Do you want to know how to travel more with a full time job? 

Let’s be honest, working full time isn’t fun. Not when you’d rather be wandering the streets of Prague or Thailand island hopping. It’s hard to stay motivated when you know there’s a whole world out there waiting for your arrival.

But then again, you need money in order to travel and that requires working full time. It’s a vicious circle right?

Most people would love to travel more, but think that they can’t because they have a full time job. They assume that they need to quit their job in order to travel the world. But this isn’t always the case.

Finding a way to travel more with a full time job is possible if you know what you’re doing. It’s all about being creative and thinking outside the box. If you can create some wiggle room in your schedule, then traveling becomes easier. 

By making a few adjustments in your schedule and lifestyle, you’ll be able to fit more trips into your year. 

So if you’re ready to know how to travel more with a full time job, then keep reading.


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How to Travel More With a Full Time Job

#1 Request to work remotely

I think we can all agree that if there was one good thing to come out of the pandemic, it was the working flexibility for office workers.

A lot of people who thought they could never work from home are now doing it full time. Many companies have also realised that their employees can get just as much done, if not more at home, than in the office. 

If you have a laptop, internet connection, and can log into your work computer from another location, then why not? Fly to your destination, work during the day (you could even start and finish earlier than usual) and explore in the evenings and weekends.

#2 Take unpaid leave

Not a solution that everyone can afford to take, but if you have the opportunity then think about it.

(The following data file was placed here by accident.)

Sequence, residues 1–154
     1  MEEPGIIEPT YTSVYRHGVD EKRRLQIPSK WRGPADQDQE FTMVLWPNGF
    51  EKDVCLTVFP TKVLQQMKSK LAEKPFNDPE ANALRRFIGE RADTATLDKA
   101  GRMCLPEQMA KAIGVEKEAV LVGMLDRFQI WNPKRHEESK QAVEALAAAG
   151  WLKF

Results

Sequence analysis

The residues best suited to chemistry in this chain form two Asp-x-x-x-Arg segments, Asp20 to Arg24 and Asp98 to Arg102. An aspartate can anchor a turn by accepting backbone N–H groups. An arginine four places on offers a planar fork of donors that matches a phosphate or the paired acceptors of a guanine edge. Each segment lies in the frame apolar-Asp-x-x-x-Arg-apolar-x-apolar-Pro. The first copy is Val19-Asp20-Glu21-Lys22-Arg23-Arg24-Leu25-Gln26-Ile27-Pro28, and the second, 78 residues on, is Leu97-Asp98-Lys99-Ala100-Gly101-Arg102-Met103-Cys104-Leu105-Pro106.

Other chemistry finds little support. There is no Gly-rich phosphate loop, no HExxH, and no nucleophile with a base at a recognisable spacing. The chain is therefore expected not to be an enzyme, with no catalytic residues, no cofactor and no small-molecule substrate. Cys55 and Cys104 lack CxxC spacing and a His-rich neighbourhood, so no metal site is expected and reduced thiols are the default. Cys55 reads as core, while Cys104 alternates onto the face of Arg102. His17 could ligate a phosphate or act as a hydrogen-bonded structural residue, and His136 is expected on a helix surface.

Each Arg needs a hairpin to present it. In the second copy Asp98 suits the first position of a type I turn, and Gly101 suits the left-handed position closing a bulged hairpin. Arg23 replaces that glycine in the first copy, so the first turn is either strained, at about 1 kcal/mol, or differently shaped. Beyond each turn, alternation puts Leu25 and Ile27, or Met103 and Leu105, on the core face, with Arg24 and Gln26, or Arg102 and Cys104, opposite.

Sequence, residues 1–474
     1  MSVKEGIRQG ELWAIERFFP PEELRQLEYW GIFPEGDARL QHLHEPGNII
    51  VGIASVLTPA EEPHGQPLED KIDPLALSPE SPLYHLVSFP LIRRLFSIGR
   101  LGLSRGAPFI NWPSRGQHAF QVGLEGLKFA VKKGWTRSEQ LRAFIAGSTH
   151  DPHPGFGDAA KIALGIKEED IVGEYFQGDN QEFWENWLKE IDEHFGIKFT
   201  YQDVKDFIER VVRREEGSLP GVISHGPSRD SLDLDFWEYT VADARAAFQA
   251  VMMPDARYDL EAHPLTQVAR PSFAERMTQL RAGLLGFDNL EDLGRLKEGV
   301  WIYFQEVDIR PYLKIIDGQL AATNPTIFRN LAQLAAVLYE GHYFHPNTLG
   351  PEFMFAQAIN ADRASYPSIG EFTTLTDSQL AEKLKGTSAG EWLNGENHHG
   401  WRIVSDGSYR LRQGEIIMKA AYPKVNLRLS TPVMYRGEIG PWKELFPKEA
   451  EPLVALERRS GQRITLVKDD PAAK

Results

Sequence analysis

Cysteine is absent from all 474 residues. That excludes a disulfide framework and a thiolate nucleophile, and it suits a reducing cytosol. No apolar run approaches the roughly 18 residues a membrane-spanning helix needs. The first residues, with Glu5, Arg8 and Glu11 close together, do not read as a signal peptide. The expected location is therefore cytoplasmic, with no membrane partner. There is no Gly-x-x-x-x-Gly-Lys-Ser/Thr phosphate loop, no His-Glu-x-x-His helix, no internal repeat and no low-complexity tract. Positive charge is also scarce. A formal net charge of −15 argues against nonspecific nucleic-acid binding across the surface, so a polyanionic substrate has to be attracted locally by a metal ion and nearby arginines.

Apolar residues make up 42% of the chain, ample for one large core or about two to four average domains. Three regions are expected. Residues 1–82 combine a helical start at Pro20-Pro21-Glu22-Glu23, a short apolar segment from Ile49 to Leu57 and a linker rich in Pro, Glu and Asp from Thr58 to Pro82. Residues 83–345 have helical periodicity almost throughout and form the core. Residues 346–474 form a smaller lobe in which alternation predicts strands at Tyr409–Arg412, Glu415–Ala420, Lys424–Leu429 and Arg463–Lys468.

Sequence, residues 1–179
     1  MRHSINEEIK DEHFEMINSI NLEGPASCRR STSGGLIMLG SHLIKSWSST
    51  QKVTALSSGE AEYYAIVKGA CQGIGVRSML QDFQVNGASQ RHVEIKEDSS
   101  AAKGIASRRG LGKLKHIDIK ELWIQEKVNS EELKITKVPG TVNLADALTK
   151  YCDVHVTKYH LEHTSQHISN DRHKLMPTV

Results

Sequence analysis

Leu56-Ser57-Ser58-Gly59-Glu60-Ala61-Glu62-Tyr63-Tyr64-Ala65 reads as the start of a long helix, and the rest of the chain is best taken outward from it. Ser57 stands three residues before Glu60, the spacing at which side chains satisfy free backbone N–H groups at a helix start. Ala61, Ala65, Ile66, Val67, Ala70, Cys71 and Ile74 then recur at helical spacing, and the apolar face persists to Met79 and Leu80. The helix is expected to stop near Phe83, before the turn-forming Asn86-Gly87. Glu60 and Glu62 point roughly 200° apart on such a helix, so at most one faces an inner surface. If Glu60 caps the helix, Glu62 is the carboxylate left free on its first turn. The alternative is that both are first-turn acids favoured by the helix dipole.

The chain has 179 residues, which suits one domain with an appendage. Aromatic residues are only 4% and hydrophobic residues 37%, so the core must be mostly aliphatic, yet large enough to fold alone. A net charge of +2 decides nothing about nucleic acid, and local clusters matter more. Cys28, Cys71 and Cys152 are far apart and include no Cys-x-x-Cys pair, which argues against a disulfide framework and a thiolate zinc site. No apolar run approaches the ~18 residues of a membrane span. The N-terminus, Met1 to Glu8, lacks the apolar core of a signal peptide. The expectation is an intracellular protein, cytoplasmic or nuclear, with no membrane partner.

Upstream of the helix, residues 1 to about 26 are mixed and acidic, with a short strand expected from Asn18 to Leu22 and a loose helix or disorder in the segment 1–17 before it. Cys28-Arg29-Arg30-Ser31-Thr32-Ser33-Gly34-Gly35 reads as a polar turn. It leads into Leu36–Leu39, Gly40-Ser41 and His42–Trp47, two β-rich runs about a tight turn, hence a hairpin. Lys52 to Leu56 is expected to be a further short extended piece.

Unexpected things happen in life all the time, and taking unpaid leave for a couple of weeks or even months might be more beneficial for you than you might think. You can use that time to travel and explore different parts of the world that you wouldn’t otherwise get to visit.  

If you can, why not ask for a full sabbatical. Taking an extended period of time away from work can do wonders for your mind, body and soul. You’ll come back feeling refreshed and motivated.

And when you come back, your job will still be there waiting for you. 

#3 Fly out at night

Don’t waste your precious travel days by flying during the day!

If you fly at night, you’ll get to your destination in time to start exploring by the morning. Leave work a couple of hours early that day – start earlier, work through your lunch if necessary.

On your way back, do the same. Take the night flight, get some sleep on the plane and head straight to work when you land if you have to.

Sure, it not the most comfortable to sleep on a plane but needs must! And with a super comfy blanket, travel pillow and leg swing (seriously, the best invention ever) you’ll be able to get a bit of shut eye before you arrive at your destination.

To be honest, before I tried this, I never thought I’d be able to. But somehow I always make it through the day and just go to sleep as soon as I finish work!

#4 Choose the right destination